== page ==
24 Hours In The North Cascades
In September, Laura and I made the somewhat spontaneous decision to try to squeeze in a fall hike in the North Cascades. If you've ever seen the photos, fall in the cascades is something really special; the larch light on fire in the brightest yellow, and the mountainsides are sprinkled with red and orange. It really is a sight to see. This combined with the fact that I hadn't been to the North Cascades before was all too enticing to pass up. We last minute booked a hostel to stay at for one night, and after work on a Friday, we were off to spend 24 hours in the North Cascades.
Hostels are definitely interesting experiences. After staying at one in Banff this previous March, I was comfortable with the idea of sharing my space with strangers. It tends to pull you out of your comfort zone, and you get to meet some really cool people! Most of the people staying at the North Cascades Mountain Hostel were finishing up their last leg of the PCT and were serious mountain people. Our one day mission to hike 7 miles looked REAL weak in comparison to what these people are completing. (If your curious, I highly recommend doing research on the Pacific Crest Trail. Its insane.) The owner was super nice though, and his dog Biscuit was my favorite part of the whole thing.
On Saturday morning, we woke up to some beautiful sunshine and high hopes that the views would be as epic as we were expecting. As we approached the North Cascades, we stopped at Washington Pass overlook for the most insanely beautiful view of Liberty Bell. The peaks were shrouded in clouds and covered in yellow larch, and we could not have arrived there at a more perfect time. We continued on to our trailhead from here.
Once reaching the Maple Pass Loop trailhead, the sunshine had faded away. We were hoping that the rain would hold off, but, just as my luck would hold, it began to mist. And then, the mist became rain. And then wind got added to that whole mix, and before Laura could gush about how much she loves hiking in the rain, I was not having a good time. I hadn't hiked in a while, my legs and knees were sore, I was cold, and I was wet. AND my hair was wet. And I know that's an absolutely ridiculous complaint but that's my one girl vice. It just is what it is.
As we climbed up past Lake Ann all I wanted to do was turn back. Laura's frequent "I just love hiking in the rain!" statements were of no help. Honestly, I would have turned back, despite driving all the way there, if she hadn't forced me to keep pushing on. (Your annoying positivity wins out this time Laura... this time.) The weather got worse and worse. The fog diminished all promise of any views of the surrounding peaks and the rain had turned to snow. This is not the reason I hike. However, as we continued to gain elevation, the sky started to clear. Remarkably, the closer we got to the pass, the more blue sky we could see. Some form of hope returned and helped me to push all the way on.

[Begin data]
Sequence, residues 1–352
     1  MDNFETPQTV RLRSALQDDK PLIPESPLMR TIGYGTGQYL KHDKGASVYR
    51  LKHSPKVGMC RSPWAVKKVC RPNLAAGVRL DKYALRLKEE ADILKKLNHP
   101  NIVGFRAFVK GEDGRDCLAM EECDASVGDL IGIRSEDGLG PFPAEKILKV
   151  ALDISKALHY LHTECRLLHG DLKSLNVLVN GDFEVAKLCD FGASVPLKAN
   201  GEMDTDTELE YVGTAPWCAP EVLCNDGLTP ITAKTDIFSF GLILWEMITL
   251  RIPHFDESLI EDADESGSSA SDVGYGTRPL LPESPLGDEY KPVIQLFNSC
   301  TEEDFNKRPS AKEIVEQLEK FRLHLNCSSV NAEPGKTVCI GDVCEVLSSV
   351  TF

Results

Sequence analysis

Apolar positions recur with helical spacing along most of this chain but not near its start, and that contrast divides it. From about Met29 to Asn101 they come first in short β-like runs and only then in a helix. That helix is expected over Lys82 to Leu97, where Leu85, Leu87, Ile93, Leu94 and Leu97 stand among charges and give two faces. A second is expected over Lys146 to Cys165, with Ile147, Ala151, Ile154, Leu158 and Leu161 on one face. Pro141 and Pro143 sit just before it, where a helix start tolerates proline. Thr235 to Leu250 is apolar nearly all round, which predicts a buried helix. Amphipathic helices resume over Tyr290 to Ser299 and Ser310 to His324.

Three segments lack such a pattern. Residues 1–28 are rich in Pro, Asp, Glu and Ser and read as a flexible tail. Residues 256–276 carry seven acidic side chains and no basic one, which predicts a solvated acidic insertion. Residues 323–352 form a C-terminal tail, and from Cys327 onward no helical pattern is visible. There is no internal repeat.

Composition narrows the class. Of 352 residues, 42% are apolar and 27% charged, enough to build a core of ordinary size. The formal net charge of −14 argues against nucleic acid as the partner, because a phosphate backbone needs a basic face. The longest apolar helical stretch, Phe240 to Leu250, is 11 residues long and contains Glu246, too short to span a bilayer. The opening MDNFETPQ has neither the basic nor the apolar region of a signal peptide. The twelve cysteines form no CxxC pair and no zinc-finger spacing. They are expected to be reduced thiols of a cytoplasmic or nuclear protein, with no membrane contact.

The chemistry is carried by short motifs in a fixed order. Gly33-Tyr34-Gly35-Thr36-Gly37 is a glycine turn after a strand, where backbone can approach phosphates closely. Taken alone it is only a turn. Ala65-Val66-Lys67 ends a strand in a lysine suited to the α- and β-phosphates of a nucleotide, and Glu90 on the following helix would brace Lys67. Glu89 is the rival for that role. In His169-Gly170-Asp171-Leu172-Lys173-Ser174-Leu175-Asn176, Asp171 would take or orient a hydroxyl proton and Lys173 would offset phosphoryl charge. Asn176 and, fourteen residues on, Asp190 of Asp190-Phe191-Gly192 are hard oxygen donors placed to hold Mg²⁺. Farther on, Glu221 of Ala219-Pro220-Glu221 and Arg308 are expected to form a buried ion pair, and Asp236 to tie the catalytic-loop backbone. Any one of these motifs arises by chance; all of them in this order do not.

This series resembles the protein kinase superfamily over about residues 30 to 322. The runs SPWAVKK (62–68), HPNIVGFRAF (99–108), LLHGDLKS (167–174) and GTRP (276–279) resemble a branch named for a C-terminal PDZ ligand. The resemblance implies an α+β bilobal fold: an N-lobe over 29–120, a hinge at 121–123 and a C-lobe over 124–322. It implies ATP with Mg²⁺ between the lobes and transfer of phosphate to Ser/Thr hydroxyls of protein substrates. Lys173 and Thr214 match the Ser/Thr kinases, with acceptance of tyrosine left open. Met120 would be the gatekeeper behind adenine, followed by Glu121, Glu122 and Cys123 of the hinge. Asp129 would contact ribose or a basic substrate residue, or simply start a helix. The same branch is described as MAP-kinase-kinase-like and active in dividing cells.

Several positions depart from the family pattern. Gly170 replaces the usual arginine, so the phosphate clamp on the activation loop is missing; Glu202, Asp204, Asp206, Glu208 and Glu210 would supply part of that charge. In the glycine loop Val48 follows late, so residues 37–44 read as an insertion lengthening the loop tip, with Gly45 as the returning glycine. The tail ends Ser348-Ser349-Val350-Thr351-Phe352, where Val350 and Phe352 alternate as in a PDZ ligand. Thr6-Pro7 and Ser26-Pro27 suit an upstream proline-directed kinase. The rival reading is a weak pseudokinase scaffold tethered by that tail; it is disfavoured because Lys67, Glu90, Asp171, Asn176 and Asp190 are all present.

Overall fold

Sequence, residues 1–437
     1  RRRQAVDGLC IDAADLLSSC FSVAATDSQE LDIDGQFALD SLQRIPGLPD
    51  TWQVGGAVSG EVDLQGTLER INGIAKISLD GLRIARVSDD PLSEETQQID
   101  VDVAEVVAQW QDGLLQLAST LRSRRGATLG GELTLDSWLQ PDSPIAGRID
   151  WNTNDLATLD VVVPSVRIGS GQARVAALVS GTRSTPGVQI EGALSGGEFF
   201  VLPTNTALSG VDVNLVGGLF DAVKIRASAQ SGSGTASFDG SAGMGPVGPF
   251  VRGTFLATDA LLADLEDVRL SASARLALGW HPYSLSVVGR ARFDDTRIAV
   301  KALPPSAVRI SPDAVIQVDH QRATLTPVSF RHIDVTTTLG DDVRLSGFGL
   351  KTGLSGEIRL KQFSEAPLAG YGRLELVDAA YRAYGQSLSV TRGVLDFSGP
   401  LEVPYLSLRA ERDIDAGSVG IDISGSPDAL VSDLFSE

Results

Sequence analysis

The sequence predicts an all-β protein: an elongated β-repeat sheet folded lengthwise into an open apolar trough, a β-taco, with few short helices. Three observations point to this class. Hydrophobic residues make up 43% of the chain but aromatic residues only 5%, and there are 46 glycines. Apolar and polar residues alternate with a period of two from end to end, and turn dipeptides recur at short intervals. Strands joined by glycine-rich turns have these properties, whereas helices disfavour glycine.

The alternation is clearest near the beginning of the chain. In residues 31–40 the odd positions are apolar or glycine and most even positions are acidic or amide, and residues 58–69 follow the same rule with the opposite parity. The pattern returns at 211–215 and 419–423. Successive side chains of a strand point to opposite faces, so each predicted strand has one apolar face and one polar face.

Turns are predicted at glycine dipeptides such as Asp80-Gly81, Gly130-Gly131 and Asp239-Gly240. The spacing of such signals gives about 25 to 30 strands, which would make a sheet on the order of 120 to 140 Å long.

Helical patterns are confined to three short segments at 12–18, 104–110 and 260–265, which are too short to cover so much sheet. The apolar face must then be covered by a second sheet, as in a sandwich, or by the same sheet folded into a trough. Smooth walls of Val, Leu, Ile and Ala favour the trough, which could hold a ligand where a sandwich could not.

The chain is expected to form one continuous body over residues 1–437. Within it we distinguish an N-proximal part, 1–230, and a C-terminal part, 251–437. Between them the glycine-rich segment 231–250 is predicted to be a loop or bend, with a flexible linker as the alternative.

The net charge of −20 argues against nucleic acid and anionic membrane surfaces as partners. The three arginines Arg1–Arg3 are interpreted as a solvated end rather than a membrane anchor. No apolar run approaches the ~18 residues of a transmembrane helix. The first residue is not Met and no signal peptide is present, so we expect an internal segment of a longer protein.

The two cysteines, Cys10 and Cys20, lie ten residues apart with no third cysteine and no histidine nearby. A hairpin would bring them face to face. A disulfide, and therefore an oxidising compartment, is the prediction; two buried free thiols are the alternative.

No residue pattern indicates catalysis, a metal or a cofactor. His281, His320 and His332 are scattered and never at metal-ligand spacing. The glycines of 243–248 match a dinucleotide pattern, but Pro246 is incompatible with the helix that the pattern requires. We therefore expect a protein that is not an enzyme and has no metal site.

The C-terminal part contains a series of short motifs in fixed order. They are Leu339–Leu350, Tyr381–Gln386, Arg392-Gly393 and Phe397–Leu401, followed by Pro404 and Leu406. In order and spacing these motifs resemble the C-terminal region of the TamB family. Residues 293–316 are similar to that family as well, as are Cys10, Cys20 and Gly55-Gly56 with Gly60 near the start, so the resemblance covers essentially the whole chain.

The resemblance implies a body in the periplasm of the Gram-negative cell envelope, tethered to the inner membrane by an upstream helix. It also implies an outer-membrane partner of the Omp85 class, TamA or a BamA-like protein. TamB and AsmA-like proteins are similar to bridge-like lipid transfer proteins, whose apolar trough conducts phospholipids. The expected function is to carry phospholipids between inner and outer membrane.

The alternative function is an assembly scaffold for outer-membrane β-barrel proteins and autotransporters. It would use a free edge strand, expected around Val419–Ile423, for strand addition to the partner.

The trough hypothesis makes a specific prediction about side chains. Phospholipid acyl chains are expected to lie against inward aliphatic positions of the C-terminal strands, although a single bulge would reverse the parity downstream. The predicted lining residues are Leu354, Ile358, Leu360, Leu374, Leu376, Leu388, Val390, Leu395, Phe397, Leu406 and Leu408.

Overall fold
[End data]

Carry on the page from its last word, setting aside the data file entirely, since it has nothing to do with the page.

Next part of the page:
We then reached a point where we couldn't really tell which direction the trail was going to continue, but we looked onward to a big peaked and jokingly said, "wouldn't it be funny if we had to go over that?"
Turns out, we did.
The final push to the top was not void of some serious heavy breathing. As we reached the pass, the wind increased and a blizzard started to roll through. The other side was completely socked into fog and so our lunch stop was cut pretty short in an attempt to stay warm and keep moving. We made our way back down, and our joints were starting to protest. The slog back to the bottom was definitely steep and difficult.
This was not the easiest or most rewarding hike I've ever done, but it was an experience, and the views were truly beautiful in their own way. Regardless of conditions, I'm so glad we got to squeeze this last big hike in for the year before the elements were completely against us. It was just enough to make this one a priority next year! I can't wait to see what all the views look like on a clear day; the North Cascades really are a treat.
Before heading home we made a stop at Diablo Lake, something I've seen a billion times on Instagram, but never in person. We snagged some photos, got back in the car, and make the 4 hour trek back to Spokane. What a weekend.